Nice photographs, rarely found.

    However writer makes stereotypes the caste system, provides a wrong percelption on the system in india. While there is a correlation between the socially status and underprivileged. By putting the picture of poor Brahmin, he himself disbunks this proposition.

    Stop commenting on unknown things.

  • Tapo

    I am from India and can assure you that these professions are far from disappearing. A pathetic attempt to sell this story to the West.

  • Asif

    WHY A BACKDROP???????

  • Ashvary

    I am too from India.. Many of those professions are surely not disappearing from India in coming future.. (no way a chaiwala for a century)

  • kshitij

    As an Indian, more importantly, as an Indian photographer, actively photographing in the street in India, I have this to say-
    1. Get out of your swanky, new york city home and come and live in india for atleast a year, so that you learn something about this country. and when you do come hear, please dont stay in some cosmopolitan city area (which comprises of only 20% of india approx.) Many of these professions are FAR from disappearing. How the hell can you call a broom seller,an iron fabricator, potter, rickshaw puller, street barber, cook, street sweeper endangered? More importantly, they are still present in those cosmopolitan areas that i mentioned about.

    2. you dont know your own country. Those “band party boys” as you called them are CAN NEVER DISAPPEAR. They are blended into the fabric of each and every marriage that takes place, from the smallest to the biggest, from the poorest to the swankiest. Again do you even know this country? How can you even can you even claim that?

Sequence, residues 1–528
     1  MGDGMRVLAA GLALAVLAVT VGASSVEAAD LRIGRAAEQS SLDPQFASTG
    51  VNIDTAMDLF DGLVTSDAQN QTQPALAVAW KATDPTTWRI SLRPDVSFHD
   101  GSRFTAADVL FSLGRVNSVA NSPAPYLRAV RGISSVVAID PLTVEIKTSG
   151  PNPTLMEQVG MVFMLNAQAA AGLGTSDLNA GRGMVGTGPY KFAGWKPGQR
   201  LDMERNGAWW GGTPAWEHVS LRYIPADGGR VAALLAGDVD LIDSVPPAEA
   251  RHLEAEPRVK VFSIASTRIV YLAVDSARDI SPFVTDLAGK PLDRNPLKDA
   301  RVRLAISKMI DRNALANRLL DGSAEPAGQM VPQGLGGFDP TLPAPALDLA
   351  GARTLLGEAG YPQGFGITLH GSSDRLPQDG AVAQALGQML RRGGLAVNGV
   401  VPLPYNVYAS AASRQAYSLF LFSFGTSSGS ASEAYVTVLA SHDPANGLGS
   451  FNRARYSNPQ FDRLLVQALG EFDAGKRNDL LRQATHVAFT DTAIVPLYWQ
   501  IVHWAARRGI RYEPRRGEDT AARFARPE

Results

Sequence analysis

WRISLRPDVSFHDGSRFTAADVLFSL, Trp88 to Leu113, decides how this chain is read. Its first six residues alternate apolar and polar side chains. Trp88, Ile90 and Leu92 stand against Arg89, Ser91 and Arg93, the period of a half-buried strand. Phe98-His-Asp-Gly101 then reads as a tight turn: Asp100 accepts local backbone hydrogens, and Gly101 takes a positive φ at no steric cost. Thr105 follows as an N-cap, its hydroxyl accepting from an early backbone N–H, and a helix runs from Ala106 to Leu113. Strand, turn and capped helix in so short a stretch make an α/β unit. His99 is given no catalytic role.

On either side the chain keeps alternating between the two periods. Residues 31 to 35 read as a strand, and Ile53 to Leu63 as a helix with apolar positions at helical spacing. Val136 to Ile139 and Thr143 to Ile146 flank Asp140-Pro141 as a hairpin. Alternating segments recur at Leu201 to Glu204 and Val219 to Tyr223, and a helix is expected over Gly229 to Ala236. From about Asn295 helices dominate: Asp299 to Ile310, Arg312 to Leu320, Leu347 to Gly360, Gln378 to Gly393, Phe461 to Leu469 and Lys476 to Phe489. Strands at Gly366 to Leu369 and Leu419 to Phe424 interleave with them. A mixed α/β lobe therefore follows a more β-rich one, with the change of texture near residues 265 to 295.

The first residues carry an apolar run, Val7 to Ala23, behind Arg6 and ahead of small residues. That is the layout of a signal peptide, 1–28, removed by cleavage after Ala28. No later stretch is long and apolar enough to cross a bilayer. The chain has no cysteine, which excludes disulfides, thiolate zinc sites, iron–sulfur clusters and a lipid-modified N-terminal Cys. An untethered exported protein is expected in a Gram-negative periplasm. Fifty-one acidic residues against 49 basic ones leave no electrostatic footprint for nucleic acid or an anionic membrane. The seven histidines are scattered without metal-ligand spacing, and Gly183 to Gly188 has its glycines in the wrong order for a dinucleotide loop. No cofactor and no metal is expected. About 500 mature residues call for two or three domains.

3. Tea shop is endangered? its found on every corner of every street.

    4. In a country as religious as this, can priests ever be endangered? even a “foreigner” knows that isn’t true!

    Keeping the indian context aside, i make the following points-
    1. If these really are endangered street professions, why are the photographed in a studio environment? wouldnt a more realistic impression be if they were actually photographed in their actual surrounding?

    2. Whats up with showing backgrounds and stands etc.? are you simply imitating Avedon?

    3. Please learn how to work with the contrast slider in photoshop. there is something called as high contrast, and then their is plain muddy, which this is. and before anybody starts dissing me on this, im viewing this on a professional monitor.

    4. Even after being in a studio environment where everything is under control, focus and exposure is off in many shots.

    5. This style of photography is so pictorial and so outdated, its FAAAAAAAAAAAR from contemporary.

    To summarise, Mr.Dash, please visit the country of your origin once in a while to learn actually what it is all about. Im OFFENDED by your body of work. The west continues to view us as a “backward” country (whatever that means) “of snake charmers and peasants” and your view, vision and body of work, even furthers their vision of us as such. if you knew anything of about india and indian photography, you would know of raghubir singh, and he fought his entire photographic career against this western stereotyping of our country. Shame on you.

  • ksporry

    cool shots. what’s the gear used for those?

  • Ganesh

    agree with you Carl

  • Sarah Loffler

    Definitely inspiring…Edward S. Curtis would be proud.